IMMIGRATION PANIC AS MANUS COURT CHALLENGE LOOMS 0

Refugee Action Coalition
MEDIA RELEASE

IMMIGRATION PANIC AS MANUS COURT CHALLENGE LOOMS

Meetings in the Manus Island detention centre compounds this morning
(Tuesday 29 March) have outlined a series of moves by Australian and
PNG immigration attempting to resolve detention and resettlement issue
before the Supreme Court challenge to the Manus Island detention
centre, scheduled for the end of April.

Asylum seekers and refugees were told (i) that all refugee processed
will end by 31 March; (ii) those with negative determinations will
their appeal resolved by 31 June; (iii) from 6 April, those found to
be refugees will be separated from those who have negative
determinations. Those found to be refugees will be housed in Delta and
Oscar, while found not to be refugee will be housed in Mike and
Foxtrot compounds. People will be moved forcibly after the 6 April if
necessary, but any person who moved earlier will receive 50 points
that can be used at the detention centre canteen. Anyone who refuses
to move will have their points cut; meaning they will no longer have
access to the canteen for supplies or phone cards.

It is rumoured that extra guards have been flown from Australia, but
that cannot be confirmed.

Those who have been found to be refugees have also been threatened
that they have to accept resettlement in PNG or they will be forcibly
removed from PNG; something the government is not able to legally
carry out.

It is unclear what the announcement means for the 60-odd people who
have refused to accept processing in PNG in protest at being forcibly
transported to Manus Island from Australia, where they did ask for
asylum on arrival.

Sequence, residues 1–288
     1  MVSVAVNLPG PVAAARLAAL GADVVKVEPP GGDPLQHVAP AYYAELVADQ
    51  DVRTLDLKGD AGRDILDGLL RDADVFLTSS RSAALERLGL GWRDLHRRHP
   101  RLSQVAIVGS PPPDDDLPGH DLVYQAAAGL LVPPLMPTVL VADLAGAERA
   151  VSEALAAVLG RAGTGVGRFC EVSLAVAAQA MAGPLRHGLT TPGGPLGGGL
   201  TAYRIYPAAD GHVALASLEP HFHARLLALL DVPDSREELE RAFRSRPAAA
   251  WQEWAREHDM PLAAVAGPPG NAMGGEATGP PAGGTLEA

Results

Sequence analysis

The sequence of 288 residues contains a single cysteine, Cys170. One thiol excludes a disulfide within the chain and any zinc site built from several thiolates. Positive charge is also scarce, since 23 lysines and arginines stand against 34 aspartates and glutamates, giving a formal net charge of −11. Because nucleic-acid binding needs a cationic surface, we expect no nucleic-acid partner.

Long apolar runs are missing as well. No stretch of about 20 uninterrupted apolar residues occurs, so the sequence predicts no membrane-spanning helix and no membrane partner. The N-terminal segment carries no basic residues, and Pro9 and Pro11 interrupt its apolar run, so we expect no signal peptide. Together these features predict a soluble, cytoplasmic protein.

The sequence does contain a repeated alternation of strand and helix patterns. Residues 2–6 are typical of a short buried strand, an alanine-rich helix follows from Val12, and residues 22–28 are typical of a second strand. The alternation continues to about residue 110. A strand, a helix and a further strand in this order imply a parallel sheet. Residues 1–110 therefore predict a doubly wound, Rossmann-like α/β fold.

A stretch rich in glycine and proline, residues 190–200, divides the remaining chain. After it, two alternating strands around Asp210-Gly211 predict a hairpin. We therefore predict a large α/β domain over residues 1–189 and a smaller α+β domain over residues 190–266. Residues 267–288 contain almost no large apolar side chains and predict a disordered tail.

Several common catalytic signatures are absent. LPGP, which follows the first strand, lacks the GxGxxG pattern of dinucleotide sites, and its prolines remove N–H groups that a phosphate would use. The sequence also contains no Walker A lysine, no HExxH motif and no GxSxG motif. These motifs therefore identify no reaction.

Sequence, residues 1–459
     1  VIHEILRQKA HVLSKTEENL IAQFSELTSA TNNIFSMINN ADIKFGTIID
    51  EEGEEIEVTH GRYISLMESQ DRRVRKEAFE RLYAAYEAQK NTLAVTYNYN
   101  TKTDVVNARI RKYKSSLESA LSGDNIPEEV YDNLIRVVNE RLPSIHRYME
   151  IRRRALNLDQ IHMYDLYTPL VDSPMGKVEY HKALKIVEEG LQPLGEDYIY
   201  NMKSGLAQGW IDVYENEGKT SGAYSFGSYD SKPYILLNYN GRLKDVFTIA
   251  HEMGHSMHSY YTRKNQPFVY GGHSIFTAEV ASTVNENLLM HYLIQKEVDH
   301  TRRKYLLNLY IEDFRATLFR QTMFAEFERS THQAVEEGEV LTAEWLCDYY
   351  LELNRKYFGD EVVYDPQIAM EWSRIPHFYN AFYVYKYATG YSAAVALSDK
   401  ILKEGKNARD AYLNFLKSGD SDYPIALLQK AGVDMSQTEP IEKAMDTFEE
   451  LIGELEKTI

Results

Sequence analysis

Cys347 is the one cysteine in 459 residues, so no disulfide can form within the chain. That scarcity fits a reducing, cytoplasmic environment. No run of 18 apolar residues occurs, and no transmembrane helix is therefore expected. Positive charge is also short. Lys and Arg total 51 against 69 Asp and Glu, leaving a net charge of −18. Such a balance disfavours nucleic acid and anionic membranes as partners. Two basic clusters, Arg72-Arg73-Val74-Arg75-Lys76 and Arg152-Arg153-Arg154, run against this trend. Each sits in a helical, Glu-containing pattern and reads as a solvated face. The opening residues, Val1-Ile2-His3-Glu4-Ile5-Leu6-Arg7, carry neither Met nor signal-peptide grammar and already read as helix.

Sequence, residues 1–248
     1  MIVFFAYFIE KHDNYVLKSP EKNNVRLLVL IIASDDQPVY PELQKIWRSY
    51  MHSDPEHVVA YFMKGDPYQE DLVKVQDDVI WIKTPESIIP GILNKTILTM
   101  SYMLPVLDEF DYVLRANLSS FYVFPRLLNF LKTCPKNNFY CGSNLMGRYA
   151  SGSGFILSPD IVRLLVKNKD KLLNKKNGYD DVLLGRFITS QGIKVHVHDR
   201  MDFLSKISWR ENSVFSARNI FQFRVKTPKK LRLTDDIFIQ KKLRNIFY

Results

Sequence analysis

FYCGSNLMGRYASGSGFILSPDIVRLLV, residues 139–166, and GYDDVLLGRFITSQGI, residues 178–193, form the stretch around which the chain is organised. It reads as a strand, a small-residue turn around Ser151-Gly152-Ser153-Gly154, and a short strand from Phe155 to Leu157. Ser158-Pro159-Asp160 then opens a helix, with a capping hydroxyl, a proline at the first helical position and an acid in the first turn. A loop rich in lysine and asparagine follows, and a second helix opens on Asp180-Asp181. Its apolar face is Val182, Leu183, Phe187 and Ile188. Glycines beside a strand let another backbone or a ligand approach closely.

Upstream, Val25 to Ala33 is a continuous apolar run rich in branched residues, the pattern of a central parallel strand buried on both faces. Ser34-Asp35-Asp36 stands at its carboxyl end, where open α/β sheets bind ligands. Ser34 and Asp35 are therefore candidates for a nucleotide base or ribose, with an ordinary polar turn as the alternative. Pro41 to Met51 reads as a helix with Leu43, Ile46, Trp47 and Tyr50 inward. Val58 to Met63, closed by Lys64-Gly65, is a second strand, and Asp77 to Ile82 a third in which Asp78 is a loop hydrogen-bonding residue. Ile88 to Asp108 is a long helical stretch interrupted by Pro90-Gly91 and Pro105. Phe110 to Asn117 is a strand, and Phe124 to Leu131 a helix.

“There is every sign that the PNG Immigration and the Australian
immigration are panicked at the possibility that they will lose the
Supreme Court challenge to Manus Island detention that is scheduled to
start in late April,” said Ian Rintoul, spokesperson for the Refugee
Action Coalition.

“Immigration routinely makes threats and restricts rights in the
effort to force people to leave the detention centre or return to
their home countries. The cash offer to ‘voluntarily’ return home has
recently been increased to $10,000 but no-one has accepted it.”

Of the hundreds who have been found to be refugees, only around 60
have been willing to move out of the centre to the so-called transit
accommodation at East Lorengau on Manus Island.

One Manus refugee told the Refugee Action Coalition, “ The message was
clear for us – whether you are a refugee or not, they want to clear
the detention centre. But there is no safety in PNG.”

“It is always disappointing to see the immigration department
inflicting further punishment on asylum seekers and refugees rather
than face up to the failure of the offshore detention regime,” said
Rintoul, “They are desperate to avoid the consequences of a successful
court challenge which could find that the Manus detention centre has
never been constitutional and that human rights of asylum seekers have
been breached from day one.”

The announcement has increased tensions at the detention centre. A
majority have already decided they will not cooperate with any attempt
to force them to move compounds,

For more information contact Ian Rintoul 0417 275 713